A review from H. Rodríguez-Hernández et al. “Obesity and Inflammation: Epidemiology, Risk Factors, and Markers of Inflammation” tries to understand the causal role of low-grade inflammation on the development of different metabolic comorbidities such as CVD, diabetes, and metabolic syndrome in obese conditions. Authors concluded that abnormal levels of proinflammatory cytokines such as C-reactive protein, tumor-necrosis factor-α, and interleukine-6 play a central role in obesity and are strongly associated with increased risks of metabolic syndrome. These cytokines are originated from macrophage residing at adipose tissues. Obesity therefore mediates the inflammatory circumstance via increased adipose mass and leads to many metabolic disorders, such as CVD, NAFLD, and type 2 diabetes.

Another factor secreted from adipose tissue is nonesterified fatty acids (NEFA) via lipolysis. Increased fasting NEFA has been thought to induce insulin resistance and NAFLD. However, recent study on nonoxidative fatty acid disposal (fatty acids being used for VLDL or intracellular lipids synthesis) reported no correlation with whole body insulin sensitivity in obese women [3]. Therefore, F. M. Finucane et al. tried to elucidate the association between NEFA (“fasting” versus “postprandial”) and insulin sensitivity after an oral glucose loading in the Hertfordshire Physical Activity Trial (healthy elderly males). They provided evidence that impaired postprandial NEFA suppression, but not fasting NEFA, contributes to the association between whole body insulin resistance. This paper also indicated that the impaired suppression of NEFA was directly associated with increased intrahepatic lipid in elderly.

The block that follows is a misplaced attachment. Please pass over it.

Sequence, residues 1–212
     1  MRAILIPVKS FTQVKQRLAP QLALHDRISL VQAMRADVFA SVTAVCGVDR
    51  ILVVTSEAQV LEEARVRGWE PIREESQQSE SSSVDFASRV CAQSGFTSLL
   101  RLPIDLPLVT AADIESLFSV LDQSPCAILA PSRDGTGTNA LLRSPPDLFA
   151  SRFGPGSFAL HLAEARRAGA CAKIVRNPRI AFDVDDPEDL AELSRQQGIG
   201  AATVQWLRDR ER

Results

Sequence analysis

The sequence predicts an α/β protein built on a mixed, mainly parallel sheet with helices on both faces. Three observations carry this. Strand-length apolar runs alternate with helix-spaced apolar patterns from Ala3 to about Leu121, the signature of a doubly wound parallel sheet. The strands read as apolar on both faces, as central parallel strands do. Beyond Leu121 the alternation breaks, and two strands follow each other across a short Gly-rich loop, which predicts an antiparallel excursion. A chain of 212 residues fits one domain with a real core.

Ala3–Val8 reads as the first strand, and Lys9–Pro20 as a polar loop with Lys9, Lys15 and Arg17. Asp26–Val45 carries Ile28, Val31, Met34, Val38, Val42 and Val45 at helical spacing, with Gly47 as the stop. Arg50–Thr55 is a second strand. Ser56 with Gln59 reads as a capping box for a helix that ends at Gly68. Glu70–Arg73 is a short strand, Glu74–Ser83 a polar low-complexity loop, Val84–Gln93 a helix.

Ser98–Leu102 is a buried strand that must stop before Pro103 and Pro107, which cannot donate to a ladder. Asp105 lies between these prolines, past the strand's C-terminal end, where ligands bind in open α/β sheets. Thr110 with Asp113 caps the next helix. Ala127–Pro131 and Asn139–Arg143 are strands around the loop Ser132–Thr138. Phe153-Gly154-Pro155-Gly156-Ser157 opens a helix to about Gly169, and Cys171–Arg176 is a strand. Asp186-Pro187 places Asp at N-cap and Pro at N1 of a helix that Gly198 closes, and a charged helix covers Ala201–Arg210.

One paper in this special issue studied the role of inflammatory pathways on the development of hepatic fibrosis. G. Willemin et al. revisited the proportional contribution of major histocompatibility class II (MHCII) molecules to the development of liver diseases. Using a model of a complete disruption of MHCII pathway, they demonstrated that in contrast to the traditional thoughts MHCII signaling was not critical to the development of steatosis-induced inflammation or fibrosis. This conclusion was build up on experiments where animals lacking MHCII challenged with high-fat diet or carbon-tetra-chloride (CCl4)-induced hepatic cirrhosis did develop NASH and fibrosis, respectively, at the same extent as in littermate controls. Although SNPs on MHCII genes were reported to increase a risk of hepatic inflammation and fibrosis, this study demonstrated that MHC II pathway was not required in the development of NAFLD in mice.